District Attorney Krasner Implements New Policy Giving Indigent Philadelphians Independence from Fines and Fees

Philadelphia DAO
Jul 3 · 3 min read

CONTACT:
Jane Roh, 215–686–8711,

PHILADELPHIA (July 3, 2019) — District Attorney Larry Krasner today announced that the Philadelphia District Attorney’s Office (DAO) has implemented a new policy that will give indigent defendants in certain cases independence from court-mandated fines and fees.

The new policy also ensures that restitution is made to victims.

“Today, Philadelphia is a giant leap closer to a truly fair and consistent system of justice in which low-income defendants do not face additional punishment by way of unaffordable fines and fees that drive them deeper into debt and poverty,” District Attorney Krasner said. “This policy change moves us closer to justice in other ways: Waiving fines and fees can help indigent defendants afford transportation and other costs associated with employment, education and training programs, completing probation terms, and child or elder care. I’m grateful to DAO staff who worked with outside justice partners on this groundbreaking policy, and I’m proud to lead a District Attorney’s Office working to eliminate the ‘poverty trap’ that makes it nearly impossible for defendants to leave the criminal justice system behind them even after they have served their sentences.”

Under the current system, payments such as the $175 court-mandated booking center fee are divided between fines, fees, and restitution. In cases where restitution is awarded, DAO is using the new policy to make sure all indigent defendants’ limited funds go toward meeting their requirements to victims first.

In order to qualify, individuals need to establish that they are indigent as follows:

  • Be represented by the public defender, court-appointed counsel, pro bono counsel, or any free legal services organization;
  • Receive means-based public assistance;
  • Have an income at or below 125% of the Federal Poverty Guidelines; or
  • Provide evidence showing that they are indigent.

“For people living just above the poverty line, fines and court fees become an obstacle to rehabilitation. They can trap people in a cycle of poverty and incarceration and effectively turn our jails into debtors’ prisons,” Chief Defender Keir Bradford-Grey of the Philadelphia Defender Association said. “Just last year, courts in Philadelphia ordered people to pay over $21 million in fees despite the fact that more than a quarter of Philadelphians live below the poverty line. We appreciate the efforts of the Philadelphia District Attorney’s Office to draw attention to this issue and hope judges will fulfill their obligation to make individualized assessments of a person’s ability to pay fines and court fees before imposing them.”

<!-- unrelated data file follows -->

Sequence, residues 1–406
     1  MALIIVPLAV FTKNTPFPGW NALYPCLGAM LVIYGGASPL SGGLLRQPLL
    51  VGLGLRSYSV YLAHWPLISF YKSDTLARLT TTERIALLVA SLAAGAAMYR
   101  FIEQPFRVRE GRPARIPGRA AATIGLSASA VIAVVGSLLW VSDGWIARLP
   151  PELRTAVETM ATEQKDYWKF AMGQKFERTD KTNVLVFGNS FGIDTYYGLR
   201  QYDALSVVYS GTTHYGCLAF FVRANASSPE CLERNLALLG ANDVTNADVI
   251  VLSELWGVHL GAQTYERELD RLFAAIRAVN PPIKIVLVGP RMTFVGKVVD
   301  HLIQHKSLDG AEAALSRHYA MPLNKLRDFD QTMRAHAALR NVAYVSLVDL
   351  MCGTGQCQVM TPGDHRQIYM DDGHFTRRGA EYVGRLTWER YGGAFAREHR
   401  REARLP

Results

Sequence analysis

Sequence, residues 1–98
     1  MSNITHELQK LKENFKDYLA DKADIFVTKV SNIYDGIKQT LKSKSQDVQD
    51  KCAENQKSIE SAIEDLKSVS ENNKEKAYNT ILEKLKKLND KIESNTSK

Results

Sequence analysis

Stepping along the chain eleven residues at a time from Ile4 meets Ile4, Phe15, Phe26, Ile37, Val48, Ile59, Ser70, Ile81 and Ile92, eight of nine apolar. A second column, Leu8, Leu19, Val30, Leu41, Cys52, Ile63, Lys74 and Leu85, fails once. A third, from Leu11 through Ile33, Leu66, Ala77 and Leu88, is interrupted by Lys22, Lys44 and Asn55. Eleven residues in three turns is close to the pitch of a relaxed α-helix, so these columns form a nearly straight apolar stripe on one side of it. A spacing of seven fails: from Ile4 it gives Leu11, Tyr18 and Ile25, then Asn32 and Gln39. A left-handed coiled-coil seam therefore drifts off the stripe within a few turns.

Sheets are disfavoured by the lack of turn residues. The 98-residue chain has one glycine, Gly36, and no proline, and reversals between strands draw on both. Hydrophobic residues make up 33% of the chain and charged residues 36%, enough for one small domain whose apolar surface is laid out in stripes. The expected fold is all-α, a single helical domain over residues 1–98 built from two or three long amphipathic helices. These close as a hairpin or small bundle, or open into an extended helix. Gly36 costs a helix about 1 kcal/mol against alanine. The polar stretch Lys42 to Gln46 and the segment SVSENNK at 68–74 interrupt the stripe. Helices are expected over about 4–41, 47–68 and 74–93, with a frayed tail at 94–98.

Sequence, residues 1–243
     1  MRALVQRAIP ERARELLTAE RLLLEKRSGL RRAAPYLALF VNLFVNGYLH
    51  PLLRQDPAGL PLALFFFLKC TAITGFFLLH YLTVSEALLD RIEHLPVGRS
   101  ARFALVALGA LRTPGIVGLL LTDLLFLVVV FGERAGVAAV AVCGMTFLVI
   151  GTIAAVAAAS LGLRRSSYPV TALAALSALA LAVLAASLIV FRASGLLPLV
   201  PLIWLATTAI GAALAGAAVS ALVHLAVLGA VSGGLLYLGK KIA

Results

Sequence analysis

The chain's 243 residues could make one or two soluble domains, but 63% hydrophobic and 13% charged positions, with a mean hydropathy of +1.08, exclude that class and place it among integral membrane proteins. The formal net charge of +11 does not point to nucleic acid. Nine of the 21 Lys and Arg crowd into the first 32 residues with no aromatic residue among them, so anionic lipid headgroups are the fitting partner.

“The vast majority of people arraigned in our city courtrooms are poor or working class, struggling to support themselves and their families, fighting to rise from trauma and structural racism. A district attorney working to reduce racism and injustice in our communities must pay attention to how poverty works as a core driver of mass incarceration, at all steps in the criminal legal process,” the Coalition for a Just DA said in a statement. “We applaud District Attorney Krasner’s move to reduce the burden of fines and fees on accused people in our court system, and we look forward to more opportunities to work with his office to wind down the many ways in which poverty impacts Philadelphians’ access to justice.”

According to a recent study by the Harvard Kennedy School, the average hidden cost of incarceration is more than $13,000 in court-related fines and fees. Philadelphia courts may assess any number of fees including: a Booking Center Fee ($175), Judicial Computer Project Fee ($12), Commonwealth Costs ($20.30), Costs of Prosecution ($50), County Court Costs ($29.85), State Court Costs ($13.55), monthly offender Supervision Fees (minimum monthly payment of $25), and various fees that are based on the severity of the defendant’s crime.

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The Philadelphia District Attorney’s Office is the largest prosecutor’s office in Pennsylvania, and one of the largest in the nation. It serves the more than 1.5 million citizens of the City and County of Philadelphia, employing 600 lawyers, detectives and support staff. The District Attorney’s Office is responsible for prosecution of over 40,000 criminal cases annually.

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